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Friday, January 28, 2022

UGC directive to teach courses based on student demand misunderstands academic worth, university autonomy

🔴 That is not to say that departments must not align courses to “the marketplace of ideas”. But that presupposes a degree of autonomy — the freedom to design courses, and draw up syllabi — that few public universities in India enjoy.

By: Editorial |
Updated: January 6, 2022 9:37:37 am
The lack of autonomy is also reflected in the shrinking space for free thought in universities.

The University Grants Commission (UGC)’s letter to central universities, asking them to teach courses based on student demand, is based on questionable academic logic. How many students queue up for a course often reflects how much it boosts the chances of their employment. While important, for a university, that must not be the only metric in determining the span of its academic ambition. The work of producing knowledge, training students in critical thinking and pushing ideas towards new frontiers — the reasons why societies invest in universities — cannot rest on a narrow, instrumentalist approach. That is to say, a university must make space for arcane philosophy as much as economics, even if there are few takers for the former. Seen in this light, the UGC’s insistence that courses be taught or stopped based on the number of enrolled students seems rather short-sighted. The Delhi University Democratic Teachers’ Front has said that it fears that “rationalising” courses in this manner would have grim consequences for social science and language departments, as well as job losses for those who teach in them.

That is not to say that departments must not align courses to “the marketplace of ideas”. But that presupposes a degree of autonomy — the freedom to design courses, and draw up syllabi — that few public universities in India enjoy. Universities also need resources as much as autonomy. The National Education Policy 2020’s ambitions for education and call for greater autonomy to higher educational institutions is undercut by several factors, from the slashing of funds to the challenges of inequality. The NEP’s emphasis on inter-disciplinary learning cannot also be served by shrinking the platter of courses on offer. The lack of autonomy is also reflected in the shrinking space for free thought in universities. The growing state hostility to debates and dissent shows up in the desire of governments to vet the subject of webinars or to sanitise classrooms of all contentious ideas in the name of nationalism.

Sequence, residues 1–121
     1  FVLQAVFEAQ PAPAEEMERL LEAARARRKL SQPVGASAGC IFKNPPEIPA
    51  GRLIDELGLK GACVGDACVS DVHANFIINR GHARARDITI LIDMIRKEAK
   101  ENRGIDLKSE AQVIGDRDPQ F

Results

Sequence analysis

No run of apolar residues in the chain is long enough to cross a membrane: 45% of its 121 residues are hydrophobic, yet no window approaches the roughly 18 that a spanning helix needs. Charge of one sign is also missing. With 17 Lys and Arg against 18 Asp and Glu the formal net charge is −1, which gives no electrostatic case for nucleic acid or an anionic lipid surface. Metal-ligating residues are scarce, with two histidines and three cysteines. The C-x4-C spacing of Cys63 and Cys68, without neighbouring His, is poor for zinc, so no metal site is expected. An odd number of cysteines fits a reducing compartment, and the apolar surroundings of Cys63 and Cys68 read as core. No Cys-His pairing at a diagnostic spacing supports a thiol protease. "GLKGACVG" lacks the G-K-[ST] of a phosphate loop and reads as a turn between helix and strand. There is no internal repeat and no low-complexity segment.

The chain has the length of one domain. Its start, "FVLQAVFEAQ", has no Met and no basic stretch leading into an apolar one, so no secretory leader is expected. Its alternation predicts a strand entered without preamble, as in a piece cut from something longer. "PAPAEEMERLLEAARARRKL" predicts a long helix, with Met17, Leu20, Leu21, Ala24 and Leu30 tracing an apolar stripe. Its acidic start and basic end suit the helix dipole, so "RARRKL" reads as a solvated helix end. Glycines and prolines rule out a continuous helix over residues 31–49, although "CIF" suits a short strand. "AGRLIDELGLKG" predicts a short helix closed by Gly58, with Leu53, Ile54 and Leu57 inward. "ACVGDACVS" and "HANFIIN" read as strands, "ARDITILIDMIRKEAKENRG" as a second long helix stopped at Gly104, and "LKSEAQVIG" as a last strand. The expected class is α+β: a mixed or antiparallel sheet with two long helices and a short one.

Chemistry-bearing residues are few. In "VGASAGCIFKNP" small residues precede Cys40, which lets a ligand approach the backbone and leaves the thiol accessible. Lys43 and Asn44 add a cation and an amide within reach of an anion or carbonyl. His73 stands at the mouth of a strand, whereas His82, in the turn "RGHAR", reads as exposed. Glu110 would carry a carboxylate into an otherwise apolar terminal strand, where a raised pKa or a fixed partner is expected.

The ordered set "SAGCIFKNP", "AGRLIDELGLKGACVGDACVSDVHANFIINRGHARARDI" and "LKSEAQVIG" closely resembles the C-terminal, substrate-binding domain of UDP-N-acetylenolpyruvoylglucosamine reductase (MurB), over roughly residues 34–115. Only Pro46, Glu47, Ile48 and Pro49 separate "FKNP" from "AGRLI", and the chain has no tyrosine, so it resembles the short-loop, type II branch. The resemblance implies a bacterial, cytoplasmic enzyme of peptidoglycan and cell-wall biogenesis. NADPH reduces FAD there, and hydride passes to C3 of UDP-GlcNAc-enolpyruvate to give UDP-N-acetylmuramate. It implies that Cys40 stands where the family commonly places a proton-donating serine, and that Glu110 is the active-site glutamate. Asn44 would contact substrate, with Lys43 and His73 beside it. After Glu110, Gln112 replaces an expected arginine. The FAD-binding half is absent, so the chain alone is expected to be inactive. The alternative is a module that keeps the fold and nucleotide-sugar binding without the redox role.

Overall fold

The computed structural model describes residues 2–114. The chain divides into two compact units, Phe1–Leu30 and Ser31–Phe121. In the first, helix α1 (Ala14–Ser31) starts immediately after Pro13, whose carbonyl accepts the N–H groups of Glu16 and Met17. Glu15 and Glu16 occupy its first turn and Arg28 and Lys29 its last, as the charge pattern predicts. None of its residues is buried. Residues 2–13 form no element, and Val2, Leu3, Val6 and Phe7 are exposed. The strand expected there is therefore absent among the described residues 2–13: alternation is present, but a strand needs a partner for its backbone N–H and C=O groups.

True, one of the biggest challenges of the higher education system is its inability to produce employable graduates in sufficiently large numbers. While universities and colleges must do more on this front, the decision of how to maximise their resources, how to hit the sweet spot between academic ambition and market pragmatism, must be left to the teaching community. Each university will find the answer to that question on its own terms. The UGC must not impose top-down criteria that further shrink the space for experimentation and innovation in higher education.

This editorial first appeared in the print edition on January 6, 2022 under the title ‘Wrong answer’.

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